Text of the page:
“Under other circumstances, I would agree. Regardless, Larah survived because she had passed out before the pull of death reached her. Otherwise, she might have died too.” A groan rose from the bed. Melinda turned from the nurse and leaned close.

The young girl opened her eyes, “Mother, what am I doing here?” She noticed Melinda’s tears. “Please don’t cry.”

Melinda smiled, “These are tears of joy, my dear.” But even as she squeezed Larah’s hand, a shudder ran through her. She had almost lost Passion and Larah on the same night.

 

Capitalia Bloom (part 3)

Capitalia Bloom (part 2)

Larah looped through the Ogamah Grove, running fingertips across the smooth, silvery bark. Warm, briny breezes rustled the shiny leaves. “Hello Lilibeth,” she murmured passing around the trunk of her friend.

Off to the east, the sun rose above the waters of the Gulf. Breathing in the warmth, she leaned back against the tree. On the edge of the horizon lay a green line, marking the Dunharraw coast. Staring hard, she tried to imagine what it looked like. From the other girls, came talk of exotic plants, animals, sounds and smells. Whole other communities of people lived there, though, as she understood it, not as harmoniously as the Druids did in Avalir. If the rumor was to be believed, that was mostly due to those ghosts of fear and violence: men.

A squawk and a chirp shifted her attention. Above her in the outstretched boughs, she saw a Thrush nest and in it, the fuzzy gray heads of chicks. After that, each morning she sat under Lilibeth, watching as the mother bird fed her brood and anticipating when the chicks would fledge and leave the nest.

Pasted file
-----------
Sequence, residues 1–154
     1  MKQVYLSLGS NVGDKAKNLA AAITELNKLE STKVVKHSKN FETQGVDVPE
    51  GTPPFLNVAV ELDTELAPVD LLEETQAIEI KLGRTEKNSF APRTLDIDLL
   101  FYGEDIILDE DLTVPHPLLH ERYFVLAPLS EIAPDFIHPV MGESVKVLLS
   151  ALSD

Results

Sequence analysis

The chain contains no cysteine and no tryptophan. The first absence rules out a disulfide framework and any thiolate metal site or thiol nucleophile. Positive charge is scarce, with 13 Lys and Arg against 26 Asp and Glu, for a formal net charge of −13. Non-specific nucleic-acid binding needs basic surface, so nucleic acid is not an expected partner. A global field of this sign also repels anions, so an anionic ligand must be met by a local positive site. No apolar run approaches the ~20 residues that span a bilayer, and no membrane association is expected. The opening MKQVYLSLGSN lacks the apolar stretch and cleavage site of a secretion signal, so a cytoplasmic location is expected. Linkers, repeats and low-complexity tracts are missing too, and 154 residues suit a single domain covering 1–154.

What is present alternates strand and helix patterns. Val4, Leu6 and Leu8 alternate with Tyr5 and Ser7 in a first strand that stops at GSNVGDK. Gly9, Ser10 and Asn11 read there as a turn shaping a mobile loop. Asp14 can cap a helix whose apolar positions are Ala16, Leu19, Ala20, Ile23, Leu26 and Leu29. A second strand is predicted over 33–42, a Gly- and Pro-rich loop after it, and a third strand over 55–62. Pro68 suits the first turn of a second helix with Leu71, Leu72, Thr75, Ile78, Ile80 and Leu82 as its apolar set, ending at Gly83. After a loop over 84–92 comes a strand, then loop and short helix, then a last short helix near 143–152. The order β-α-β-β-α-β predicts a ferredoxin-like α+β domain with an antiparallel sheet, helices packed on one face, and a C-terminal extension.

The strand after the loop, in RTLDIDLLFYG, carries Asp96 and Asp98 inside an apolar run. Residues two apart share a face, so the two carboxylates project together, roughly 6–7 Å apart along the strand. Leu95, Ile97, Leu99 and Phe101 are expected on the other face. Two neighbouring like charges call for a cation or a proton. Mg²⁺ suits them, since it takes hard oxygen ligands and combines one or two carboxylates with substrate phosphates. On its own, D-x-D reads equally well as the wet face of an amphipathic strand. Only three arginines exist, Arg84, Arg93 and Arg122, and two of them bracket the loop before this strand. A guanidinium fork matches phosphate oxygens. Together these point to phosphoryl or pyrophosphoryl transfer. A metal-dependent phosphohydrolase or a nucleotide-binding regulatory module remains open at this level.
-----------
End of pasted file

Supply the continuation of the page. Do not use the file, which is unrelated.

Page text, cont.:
But one morning flapping and squawking sound came from the base of a nearby tree. One of the chicks lay on the ground, panting, and at intervals flipped itself into the air, attempting to get airborne. For a time, the bird continued to fail. When it stopped moving, she walked over and scooped it up.

With wide eyes, the creature flapped one wing, but not the other. It must be broken. A mend spell would heal the creature. But should she?

She knew the answer. No one was to interfere with wild animals. Still, no rule said she could not return the animal to its home. Tucking the bird into the pocket of her robes, she climbed and placed it back into the nest.

Yet the next day, the bird lay on the ground again. Larah picked it up, caressed its head, and fed it seeds. The bird turned its face to her as if to say thanks. But clearly the wing would never heal on its own. She agonized over the decision, then with misgivings, placed it back into the nest.

All the next day, a storm raged over the island, keeping her indoors, but the morning after she raced into the grove. Her heart sank seeing the feathered form lying motionless on the ground. With care, she scooped it up, and buried the remains, but not the memory of what could have been done.

Capitalia Bloom (part 4)